Today I would like to explain why I chose the D800 above the D700. And what’s that got to do with a whale ? Well, read the story 🙂
I was thinking about going to full format for a while now. Eagerly I awaited the D800, and when rumors appeared that the D800 has 36 Megapixels I started to doubt that this is the right camera for me. My D300s has 12 Megapixels and I rarely exploit this resolution. The largest print I made was 60×90 cm and the image was taken with my 6 Megapixel D70s ! If you stick your nose against that print you might see that the resolution has reached its limits but from a normal viewing distance it is a clear and crisp photo.
Now the D800 is out and it is definitely confirmed – 36 freaking million pixels. To make it short – I compared the major changes against the D700 and the D800 clearly won.
- 36 Megapixels (D700: 12 Megapixels. More pixels usually not automatically better, but it allows one to crop the hell out of any given image)
- Two memory card slots (I have also two slots on my D300s and I love it)
- 100 % viewfinder coverage (D700: 95%)
- ISO 100-6.400 (D700: 200-6.400)
- Improved autofocus system with face detection
- Movie recording, even 60fps in 720p mode ! (D700: No movie function)
- 3,2″ LCD screen (D700: 3″ – ok this is not worth talking about but being a pea-counter I also list this)
- 900 g weight (D700: 1.000 g)
On the downside we have:
- Increased storage requirements (I will need larger memory cards and more backup harddrives due to the 36 MP files)
- Increased processing time of the images during post production
- Framerate of the D800 is down to 4 fps in burst mode (D700- 5 fps) (guess why – thrice the pixels have to be processed 😉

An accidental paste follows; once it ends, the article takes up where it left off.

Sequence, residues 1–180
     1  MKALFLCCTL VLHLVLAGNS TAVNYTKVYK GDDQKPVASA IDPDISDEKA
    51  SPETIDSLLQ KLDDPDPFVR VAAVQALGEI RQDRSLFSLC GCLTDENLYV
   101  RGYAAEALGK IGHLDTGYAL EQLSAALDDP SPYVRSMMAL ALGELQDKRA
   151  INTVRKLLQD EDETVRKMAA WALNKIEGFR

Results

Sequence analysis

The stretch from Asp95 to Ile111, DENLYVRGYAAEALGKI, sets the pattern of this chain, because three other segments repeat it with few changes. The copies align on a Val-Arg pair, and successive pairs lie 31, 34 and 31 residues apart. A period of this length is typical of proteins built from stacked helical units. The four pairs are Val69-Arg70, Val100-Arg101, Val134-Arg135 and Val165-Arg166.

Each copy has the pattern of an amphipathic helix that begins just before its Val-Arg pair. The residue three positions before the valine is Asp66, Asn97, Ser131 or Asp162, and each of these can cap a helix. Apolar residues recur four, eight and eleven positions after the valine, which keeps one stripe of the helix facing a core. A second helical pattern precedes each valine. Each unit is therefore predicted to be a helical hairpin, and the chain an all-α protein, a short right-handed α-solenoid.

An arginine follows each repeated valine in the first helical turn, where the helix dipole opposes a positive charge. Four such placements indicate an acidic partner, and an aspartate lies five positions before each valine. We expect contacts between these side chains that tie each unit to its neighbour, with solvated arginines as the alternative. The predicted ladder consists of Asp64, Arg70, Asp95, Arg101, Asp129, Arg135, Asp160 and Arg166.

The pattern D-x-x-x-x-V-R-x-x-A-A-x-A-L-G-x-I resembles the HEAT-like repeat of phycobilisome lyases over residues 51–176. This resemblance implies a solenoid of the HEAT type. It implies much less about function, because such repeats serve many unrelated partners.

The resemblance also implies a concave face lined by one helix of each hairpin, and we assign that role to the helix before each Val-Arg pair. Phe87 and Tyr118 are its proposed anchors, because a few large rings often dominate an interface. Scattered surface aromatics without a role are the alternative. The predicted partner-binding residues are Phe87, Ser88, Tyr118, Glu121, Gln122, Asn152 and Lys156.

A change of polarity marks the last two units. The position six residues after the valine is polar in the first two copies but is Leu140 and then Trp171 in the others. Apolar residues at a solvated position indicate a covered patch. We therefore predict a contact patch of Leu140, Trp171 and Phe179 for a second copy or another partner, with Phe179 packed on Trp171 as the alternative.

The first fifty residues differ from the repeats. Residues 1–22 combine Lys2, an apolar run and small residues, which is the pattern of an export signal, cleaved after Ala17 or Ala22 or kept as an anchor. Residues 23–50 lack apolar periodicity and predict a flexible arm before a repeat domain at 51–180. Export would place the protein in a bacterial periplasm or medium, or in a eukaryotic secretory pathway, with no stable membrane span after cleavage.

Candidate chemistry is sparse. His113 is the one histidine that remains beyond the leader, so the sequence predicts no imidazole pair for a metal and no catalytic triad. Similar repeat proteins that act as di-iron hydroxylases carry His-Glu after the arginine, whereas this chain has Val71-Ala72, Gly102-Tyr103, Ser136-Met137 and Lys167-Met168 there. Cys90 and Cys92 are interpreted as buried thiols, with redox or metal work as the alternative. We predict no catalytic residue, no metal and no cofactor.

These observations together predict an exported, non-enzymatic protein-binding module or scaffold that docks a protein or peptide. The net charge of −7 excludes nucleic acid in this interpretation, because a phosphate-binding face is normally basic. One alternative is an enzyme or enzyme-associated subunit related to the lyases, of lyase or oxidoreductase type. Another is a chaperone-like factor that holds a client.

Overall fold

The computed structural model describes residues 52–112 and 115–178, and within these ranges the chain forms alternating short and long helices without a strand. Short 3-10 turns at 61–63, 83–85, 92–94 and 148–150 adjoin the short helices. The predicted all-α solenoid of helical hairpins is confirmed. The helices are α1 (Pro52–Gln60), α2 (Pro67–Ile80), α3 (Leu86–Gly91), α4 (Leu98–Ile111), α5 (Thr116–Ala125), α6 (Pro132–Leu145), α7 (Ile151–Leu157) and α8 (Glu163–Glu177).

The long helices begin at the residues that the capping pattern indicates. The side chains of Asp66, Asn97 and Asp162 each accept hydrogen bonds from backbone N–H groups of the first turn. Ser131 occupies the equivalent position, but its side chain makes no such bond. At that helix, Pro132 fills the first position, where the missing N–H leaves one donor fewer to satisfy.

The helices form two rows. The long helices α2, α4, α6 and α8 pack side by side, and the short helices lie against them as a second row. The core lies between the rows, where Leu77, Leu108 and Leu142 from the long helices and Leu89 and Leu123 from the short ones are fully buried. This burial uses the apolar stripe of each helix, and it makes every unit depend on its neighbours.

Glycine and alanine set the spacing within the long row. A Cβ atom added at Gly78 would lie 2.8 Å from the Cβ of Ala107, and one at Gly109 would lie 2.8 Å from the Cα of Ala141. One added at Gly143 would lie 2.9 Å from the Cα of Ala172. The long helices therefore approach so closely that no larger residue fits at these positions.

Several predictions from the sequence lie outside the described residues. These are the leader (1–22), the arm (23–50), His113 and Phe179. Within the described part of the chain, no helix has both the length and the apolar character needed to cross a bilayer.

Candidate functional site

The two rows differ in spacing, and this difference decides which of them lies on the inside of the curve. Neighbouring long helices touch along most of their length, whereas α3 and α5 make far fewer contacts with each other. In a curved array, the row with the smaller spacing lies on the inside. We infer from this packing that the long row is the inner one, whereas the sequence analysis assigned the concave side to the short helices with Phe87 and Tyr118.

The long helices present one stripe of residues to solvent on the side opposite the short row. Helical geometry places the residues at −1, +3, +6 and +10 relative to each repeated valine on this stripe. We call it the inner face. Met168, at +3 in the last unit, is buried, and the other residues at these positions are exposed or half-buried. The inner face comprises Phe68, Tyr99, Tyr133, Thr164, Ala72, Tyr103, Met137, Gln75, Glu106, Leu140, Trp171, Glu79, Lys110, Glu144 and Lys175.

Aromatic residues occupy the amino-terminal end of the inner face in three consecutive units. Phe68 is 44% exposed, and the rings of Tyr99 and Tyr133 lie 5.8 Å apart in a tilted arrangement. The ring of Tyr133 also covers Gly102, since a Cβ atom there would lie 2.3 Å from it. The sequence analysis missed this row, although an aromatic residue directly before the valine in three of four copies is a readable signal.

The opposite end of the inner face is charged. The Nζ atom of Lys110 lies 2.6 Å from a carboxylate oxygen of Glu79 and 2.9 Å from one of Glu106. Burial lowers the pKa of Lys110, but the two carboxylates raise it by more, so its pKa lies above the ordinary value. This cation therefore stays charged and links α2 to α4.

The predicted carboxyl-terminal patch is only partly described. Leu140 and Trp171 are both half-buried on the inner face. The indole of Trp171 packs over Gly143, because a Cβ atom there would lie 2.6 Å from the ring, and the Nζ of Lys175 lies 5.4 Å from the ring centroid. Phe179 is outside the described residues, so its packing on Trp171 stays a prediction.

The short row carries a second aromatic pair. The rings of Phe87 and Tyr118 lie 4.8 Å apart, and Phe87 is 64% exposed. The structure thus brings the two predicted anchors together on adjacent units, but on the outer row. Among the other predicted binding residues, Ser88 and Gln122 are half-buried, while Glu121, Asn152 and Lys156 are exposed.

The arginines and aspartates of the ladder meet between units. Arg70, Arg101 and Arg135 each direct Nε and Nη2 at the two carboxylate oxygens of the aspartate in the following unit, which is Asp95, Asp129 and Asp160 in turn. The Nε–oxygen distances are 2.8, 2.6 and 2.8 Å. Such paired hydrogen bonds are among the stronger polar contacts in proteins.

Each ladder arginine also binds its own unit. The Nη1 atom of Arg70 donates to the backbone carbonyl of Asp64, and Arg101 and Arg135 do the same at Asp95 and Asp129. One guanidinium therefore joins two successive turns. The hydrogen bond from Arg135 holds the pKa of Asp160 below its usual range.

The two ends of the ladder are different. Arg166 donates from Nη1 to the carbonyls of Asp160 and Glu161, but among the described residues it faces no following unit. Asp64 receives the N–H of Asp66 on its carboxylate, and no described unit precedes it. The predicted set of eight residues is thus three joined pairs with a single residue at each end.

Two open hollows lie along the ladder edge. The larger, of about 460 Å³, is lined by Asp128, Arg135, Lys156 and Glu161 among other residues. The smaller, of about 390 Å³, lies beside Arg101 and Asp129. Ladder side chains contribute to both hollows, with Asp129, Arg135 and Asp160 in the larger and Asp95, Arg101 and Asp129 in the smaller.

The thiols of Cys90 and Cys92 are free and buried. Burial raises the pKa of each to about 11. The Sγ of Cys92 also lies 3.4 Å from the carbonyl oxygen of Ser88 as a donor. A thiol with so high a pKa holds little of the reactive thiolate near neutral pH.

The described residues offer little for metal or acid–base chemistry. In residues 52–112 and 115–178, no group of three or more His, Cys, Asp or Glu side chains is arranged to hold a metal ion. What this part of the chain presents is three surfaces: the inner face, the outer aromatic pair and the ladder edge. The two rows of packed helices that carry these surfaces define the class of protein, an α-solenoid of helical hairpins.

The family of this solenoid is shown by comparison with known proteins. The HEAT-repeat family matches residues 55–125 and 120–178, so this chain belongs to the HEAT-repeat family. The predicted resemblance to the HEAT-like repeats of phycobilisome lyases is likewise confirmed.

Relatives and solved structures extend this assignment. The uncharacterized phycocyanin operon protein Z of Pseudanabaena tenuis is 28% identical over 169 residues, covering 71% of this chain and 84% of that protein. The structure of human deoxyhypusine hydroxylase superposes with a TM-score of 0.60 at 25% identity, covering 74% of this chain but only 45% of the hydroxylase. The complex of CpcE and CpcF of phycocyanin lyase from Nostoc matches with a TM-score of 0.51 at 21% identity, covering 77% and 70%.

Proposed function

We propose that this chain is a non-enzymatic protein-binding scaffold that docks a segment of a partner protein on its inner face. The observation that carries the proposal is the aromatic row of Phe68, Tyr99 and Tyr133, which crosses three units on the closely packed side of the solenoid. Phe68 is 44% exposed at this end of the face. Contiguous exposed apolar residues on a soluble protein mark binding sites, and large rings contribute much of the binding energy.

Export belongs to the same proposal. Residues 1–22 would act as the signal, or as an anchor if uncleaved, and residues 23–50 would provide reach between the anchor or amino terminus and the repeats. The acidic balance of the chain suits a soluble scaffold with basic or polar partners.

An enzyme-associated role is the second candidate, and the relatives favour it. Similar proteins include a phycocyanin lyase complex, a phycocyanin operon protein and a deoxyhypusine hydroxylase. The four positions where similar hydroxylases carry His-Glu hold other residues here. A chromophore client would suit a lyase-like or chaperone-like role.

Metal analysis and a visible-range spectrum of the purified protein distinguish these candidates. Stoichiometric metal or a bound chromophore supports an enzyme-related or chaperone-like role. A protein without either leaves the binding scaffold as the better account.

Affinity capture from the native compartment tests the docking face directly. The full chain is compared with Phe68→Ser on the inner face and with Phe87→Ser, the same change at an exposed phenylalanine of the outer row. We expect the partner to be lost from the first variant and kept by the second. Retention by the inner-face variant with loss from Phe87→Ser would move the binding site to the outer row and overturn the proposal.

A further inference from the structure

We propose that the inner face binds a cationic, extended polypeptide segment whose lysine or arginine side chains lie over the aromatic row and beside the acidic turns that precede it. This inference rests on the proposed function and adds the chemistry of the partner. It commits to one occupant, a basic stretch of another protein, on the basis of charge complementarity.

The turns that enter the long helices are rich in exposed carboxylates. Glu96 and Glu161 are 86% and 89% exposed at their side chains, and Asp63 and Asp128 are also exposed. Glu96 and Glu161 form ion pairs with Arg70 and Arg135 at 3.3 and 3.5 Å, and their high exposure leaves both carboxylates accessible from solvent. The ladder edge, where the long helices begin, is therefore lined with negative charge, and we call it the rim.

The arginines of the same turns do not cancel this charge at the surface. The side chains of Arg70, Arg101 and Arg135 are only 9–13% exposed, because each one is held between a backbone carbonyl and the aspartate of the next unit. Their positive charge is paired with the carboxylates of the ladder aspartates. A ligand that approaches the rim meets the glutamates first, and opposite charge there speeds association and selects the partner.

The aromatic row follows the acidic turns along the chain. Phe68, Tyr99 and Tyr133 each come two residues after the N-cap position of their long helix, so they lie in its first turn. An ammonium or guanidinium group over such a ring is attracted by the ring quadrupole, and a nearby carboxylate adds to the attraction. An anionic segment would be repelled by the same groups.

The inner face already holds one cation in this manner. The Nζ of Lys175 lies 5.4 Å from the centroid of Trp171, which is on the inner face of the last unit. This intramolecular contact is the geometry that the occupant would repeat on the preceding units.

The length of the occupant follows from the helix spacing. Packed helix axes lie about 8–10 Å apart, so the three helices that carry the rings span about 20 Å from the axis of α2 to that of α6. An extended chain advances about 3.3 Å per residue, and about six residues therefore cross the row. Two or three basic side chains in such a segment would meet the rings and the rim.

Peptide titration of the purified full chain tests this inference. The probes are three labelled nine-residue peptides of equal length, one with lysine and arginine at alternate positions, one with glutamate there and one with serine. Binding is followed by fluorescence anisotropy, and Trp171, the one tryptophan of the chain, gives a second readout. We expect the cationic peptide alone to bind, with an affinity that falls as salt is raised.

- The battery life of the D800 is 900 images (D700: 1.000 images)
- P-r-i-c-e. The D800 comes at a breathtaking 2.900 Euros. That’s a lot of dough. But the D700 is still priced at 2.000 Euros and above… that’s also hard money for a four year old model. My personal sound barrier would have been below 2.000 Euros for a new D700. This way I still prefer to spend considerably more money and have the latest technology.
The 36 Megapixels made me think about purchasing a D700 with 12 MP instead. But then I thought of an experience I had with my D300s. When I purchased the D300s I looked in the specs and saw that it can deliver 6 fps in burst mode. I thought “Well, that is nice but I don’t see where I should use that.”
And then I photographed whales in Iceland. The whale came out of the water and dove again. Wonderful opportunity to use the burstmode. While the guy next to me did a slow click – click – click with his Canon EOS 500D I was able to cliclicliclicliclick and capture a breathtaking sequence of that scene. Same applied a few days later when I photographed an erupting geyser. The high fps broadened my possibilities and I discovered a way of shooting I was not able of doing before.
I can imagine that it might be similiar with the 36 Megapixels. Suddenly you can crop like hell and still have large files. And even another thought came along when I was talking about the high resolution with a friend. He said: “You can take the fact having large files as an opportunity to improve your photographic behaviour. Take less pictures, think more about each image. It’s a little bit like shooting film. Once you know you only have 36 exposures, your finger hesitates to press the shutter button”.